E.U. biodiesel industry feels sting of subsidies
October 01, 2008
by World Grain Staff
There h is tense competition for shares of f the European biodiesel market, which is the biggest in the world. But the European Biodiesel Board (EBB) says unfair market advantages provided to importers have damaged the industry.
Statistics for 2008 show that 3 million tonnes of installed capacity remains idle due to the lack of a viable market for biodiesel in member states. Petrotec Ag, a biodiesel producer based in Borken, Germany, reported that a number of biodiesel firms have either closed plants during the second quarter or filed for insolvency, and many still producing are operating well below capacity.
With its own industry suffering, Europe has emerged, ironically, as a strong market for U.S. biodiesel producers. A combination of factors, including usage mandates outstripping E.U. production capacity, and the relative weakness of the dollar against the Euro, has spurred imports.
Many companies in America are eyeing Europe as a way to sell more fuel. New York Harbor-based Innovation Fuels announced in August that it had shipped its first load of biodiesel (B99), the first ever from that locale, to Rotterdam, Netherlands for sale and distribution into the European market. Positioning itself to gain sales leverage through a global outreach, CEO John Fox said the company has targeted export markets from the beginning. It recently acquired North American Biodiesel, a project under development in Milwaukee, Wisconsin, U.S., to provide deep-water international access via leasehold at the Port of Milwaukee, which is located on the western shore of Lake Michigan. This is a strategic export location for the company since most of the biodiesel produced in the U.S. originates in the Midwest.
"While the market in the U.S. is improving, global markets have been stronger," Fox said.
The U.S. exported some 1 million tonnes of biodiesel to the E.U. in 2007. The U.S. B99 subsidy gives American biodiesel exporters a $220-per-tonne to $295-per-tonne cost advantage over European biodiesel.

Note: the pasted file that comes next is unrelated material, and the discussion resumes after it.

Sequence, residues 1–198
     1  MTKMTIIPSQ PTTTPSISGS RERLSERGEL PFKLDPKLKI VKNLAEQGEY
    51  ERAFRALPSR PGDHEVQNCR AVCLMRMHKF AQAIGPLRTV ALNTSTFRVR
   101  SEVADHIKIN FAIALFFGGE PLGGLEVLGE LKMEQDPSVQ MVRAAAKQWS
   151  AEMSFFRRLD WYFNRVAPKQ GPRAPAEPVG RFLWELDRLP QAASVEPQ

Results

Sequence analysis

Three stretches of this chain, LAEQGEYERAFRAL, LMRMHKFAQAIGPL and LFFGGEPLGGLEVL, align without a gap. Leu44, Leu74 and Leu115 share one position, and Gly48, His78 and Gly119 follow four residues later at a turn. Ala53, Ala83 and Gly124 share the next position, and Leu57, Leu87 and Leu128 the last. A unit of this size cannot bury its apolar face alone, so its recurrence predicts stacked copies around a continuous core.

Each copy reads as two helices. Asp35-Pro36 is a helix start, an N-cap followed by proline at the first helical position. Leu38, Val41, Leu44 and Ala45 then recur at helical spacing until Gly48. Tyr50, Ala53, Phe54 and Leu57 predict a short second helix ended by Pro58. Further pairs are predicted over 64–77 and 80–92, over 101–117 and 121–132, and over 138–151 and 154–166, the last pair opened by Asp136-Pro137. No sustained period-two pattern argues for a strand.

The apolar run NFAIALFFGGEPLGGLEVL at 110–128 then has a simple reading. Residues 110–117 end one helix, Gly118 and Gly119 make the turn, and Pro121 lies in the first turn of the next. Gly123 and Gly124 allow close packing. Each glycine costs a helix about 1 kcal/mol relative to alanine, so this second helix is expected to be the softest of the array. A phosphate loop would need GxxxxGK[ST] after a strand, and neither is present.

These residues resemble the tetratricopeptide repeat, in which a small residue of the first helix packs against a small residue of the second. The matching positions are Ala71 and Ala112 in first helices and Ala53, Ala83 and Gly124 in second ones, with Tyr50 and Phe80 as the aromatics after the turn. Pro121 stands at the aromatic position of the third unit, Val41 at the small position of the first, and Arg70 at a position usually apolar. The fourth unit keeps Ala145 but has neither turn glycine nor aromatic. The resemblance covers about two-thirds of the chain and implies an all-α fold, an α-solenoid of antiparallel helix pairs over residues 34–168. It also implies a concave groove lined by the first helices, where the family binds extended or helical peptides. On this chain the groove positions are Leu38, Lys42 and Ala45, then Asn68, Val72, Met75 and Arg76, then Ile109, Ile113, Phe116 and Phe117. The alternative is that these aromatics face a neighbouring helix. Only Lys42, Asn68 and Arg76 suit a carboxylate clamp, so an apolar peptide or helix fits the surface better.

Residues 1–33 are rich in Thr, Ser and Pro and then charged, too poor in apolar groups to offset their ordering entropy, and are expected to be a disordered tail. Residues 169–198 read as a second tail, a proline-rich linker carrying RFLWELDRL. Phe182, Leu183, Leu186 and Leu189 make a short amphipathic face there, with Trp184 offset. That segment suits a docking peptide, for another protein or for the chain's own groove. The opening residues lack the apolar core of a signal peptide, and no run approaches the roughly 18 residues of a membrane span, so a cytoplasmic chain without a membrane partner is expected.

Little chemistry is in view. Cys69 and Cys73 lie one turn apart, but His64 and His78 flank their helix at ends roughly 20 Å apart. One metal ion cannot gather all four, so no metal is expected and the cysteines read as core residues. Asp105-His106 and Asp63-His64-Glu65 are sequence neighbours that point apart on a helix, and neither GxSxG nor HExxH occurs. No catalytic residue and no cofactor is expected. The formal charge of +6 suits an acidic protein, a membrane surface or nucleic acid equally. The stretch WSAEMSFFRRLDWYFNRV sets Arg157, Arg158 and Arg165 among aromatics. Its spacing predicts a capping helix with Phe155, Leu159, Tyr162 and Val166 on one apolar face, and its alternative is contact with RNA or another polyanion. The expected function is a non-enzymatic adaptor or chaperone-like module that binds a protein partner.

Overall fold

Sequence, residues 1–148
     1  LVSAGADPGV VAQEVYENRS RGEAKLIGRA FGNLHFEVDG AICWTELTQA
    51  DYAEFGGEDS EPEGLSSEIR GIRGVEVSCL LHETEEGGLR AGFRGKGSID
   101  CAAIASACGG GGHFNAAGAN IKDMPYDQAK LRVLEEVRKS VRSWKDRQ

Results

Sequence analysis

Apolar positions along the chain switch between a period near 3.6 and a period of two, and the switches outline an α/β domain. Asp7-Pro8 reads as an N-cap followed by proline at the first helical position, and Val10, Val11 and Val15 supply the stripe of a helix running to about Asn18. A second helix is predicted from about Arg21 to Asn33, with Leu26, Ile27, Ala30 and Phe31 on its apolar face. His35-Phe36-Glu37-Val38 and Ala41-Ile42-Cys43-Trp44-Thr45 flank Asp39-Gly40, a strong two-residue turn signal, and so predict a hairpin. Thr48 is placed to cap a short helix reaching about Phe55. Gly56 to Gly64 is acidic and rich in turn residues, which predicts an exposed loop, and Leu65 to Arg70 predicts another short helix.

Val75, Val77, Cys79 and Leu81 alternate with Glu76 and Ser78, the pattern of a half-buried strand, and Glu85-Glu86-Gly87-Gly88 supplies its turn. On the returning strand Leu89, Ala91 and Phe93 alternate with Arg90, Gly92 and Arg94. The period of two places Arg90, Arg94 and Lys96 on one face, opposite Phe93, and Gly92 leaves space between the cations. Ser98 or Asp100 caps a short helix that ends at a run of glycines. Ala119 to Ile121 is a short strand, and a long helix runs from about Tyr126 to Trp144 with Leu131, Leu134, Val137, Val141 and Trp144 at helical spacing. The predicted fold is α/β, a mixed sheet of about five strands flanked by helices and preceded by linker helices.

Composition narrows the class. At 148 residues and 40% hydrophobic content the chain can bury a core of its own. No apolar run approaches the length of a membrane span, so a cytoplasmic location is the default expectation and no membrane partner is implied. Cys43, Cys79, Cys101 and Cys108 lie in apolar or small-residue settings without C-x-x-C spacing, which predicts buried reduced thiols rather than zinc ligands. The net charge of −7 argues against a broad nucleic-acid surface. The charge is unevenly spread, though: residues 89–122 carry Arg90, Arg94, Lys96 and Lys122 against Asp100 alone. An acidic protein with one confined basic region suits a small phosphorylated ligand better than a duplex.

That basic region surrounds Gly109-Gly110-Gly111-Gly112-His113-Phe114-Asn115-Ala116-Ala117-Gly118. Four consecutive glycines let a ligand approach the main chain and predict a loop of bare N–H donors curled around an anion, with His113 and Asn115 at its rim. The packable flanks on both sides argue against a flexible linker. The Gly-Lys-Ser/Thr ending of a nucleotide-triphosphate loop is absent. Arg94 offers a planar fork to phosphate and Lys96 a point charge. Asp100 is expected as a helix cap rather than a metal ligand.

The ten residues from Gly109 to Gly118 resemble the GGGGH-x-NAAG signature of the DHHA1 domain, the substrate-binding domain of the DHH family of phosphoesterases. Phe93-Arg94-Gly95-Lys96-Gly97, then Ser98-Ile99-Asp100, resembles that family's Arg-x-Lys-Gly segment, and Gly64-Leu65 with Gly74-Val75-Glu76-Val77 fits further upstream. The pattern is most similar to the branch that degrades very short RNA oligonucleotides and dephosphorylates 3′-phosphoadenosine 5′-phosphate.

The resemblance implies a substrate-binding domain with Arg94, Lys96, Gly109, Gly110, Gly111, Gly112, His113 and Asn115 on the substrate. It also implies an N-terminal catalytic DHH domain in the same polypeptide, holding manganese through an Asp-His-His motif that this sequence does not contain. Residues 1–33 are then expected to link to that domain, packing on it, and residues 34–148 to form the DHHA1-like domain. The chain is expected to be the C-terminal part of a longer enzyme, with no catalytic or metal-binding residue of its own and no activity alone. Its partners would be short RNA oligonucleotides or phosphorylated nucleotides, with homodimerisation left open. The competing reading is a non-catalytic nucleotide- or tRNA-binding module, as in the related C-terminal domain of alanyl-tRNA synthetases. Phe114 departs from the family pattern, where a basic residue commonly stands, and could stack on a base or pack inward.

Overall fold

Europe remains the world’s largest producer and consumer of biodiesel, manufacturing 68% of the world’s methyl esters in 2007, despite the rapid growth of players abroad. The U.S. industry, in particular, has grown exponentially in the last four years. American production tripled in 2005, tripled again in 2006 and doubled in 2007 to reach 450 million gallons (1.7 billion liters).
Amandine Alourt, a spokesperson for the EBB, said the U.S. has grown its industry at the expense of foreign markets.
"We do not necessarily want to see the subsidy eliminated, but we would like to see it changed to promote U.S. consumption of its own biodiesel," Alourt said. "Producers in Europe are not eligible for any subsidies when they export biodiesel."
Petrotec does not view the $1-pergallon tax credit for U.S. producers as undercutting the ability to sell into their own market.
"We basically consider that a fair trade," said Falk von Kriegsheim, director of investor and public relations for Petrotec. "That tax incentive was designed to promote the growth of their domestic industry, which we are supportive of in Europe. The ‘splash-and-dash’ practice, however, that involves biodiesel produced outside the United States, is not good for anyone except traders and brokers. The U.S. taxpayer gives money away through the chimney to clever brokers and traders, and their own industry suffers."
U.S. producers also are harmed by the fact that the splash-and-dash situation means cheap biodiesel made in South America or Southeast Asia also receives the subsidy and can undercut their ability compete for export markets. The splashand-dash loophole allows biodiesel produced abroad and shipped to the U.S., where it is blended with a splash of regular diesel, to receive U.S. tax credits. The fuel is then shipped to Europe, where it is sold below market rates.
"It’s the ‘holy drop’ of mineral diesel that makes almost the entire volume of a foreign biodiesel shipment eligible for the tax credit," Fox said. "I am confident that Congress is going to close this loophole in the near future."
Kriegsheim believes there is an essential difference between the splash-anddash shipments and fuel originating from U.S. producers themselves.
The EBB, however, has a more rigid position. It said a fair trade scenario will only occur when the U.S. eliminates the subsidization of all biodiesel exported off its shores and only financially supports biofuel consumed domestically.
"Biodiesel exported from the United States to Europe is eligible for subsidies instituted by the E.U., whereas European producers are not eligible for benefits if they choose to market their fuel outside of Europe," Alourt said.
The European Commission announced in June that it had begun an official investigation into the "dumping" and "subsidization schemes" it says are practiced by the U.S.